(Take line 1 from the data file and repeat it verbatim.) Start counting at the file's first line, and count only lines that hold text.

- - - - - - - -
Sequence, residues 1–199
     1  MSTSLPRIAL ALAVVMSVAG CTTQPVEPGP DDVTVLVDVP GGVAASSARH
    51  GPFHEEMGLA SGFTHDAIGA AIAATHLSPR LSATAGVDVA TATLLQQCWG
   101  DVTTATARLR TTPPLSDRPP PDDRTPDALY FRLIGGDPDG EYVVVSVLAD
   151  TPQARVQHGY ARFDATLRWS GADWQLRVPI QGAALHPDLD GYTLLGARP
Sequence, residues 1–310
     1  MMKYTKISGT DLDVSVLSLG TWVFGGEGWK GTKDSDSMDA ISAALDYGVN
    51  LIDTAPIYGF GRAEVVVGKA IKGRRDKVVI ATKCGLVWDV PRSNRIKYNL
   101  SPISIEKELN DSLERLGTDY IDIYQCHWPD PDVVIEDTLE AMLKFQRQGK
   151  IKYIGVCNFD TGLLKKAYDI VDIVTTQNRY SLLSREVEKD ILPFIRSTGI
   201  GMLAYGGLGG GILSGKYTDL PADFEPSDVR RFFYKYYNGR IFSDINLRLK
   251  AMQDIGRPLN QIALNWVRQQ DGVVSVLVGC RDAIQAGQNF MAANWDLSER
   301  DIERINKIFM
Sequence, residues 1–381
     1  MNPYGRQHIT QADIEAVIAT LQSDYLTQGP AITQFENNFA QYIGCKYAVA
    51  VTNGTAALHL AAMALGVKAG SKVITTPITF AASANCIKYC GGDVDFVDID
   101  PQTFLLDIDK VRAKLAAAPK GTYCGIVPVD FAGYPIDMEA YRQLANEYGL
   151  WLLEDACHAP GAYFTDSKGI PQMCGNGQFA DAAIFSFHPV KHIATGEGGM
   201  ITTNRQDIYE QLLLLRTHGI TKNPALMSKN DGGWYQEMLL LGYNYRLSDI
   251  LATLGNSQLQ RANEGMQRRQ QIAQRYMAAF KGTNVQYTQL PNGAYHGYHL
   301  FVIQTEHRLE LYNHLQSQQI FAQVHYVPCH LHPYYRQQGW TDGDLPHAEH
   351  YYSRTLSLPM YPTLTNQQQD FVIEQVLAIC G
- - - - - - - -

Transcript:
Sequence, residues 1–199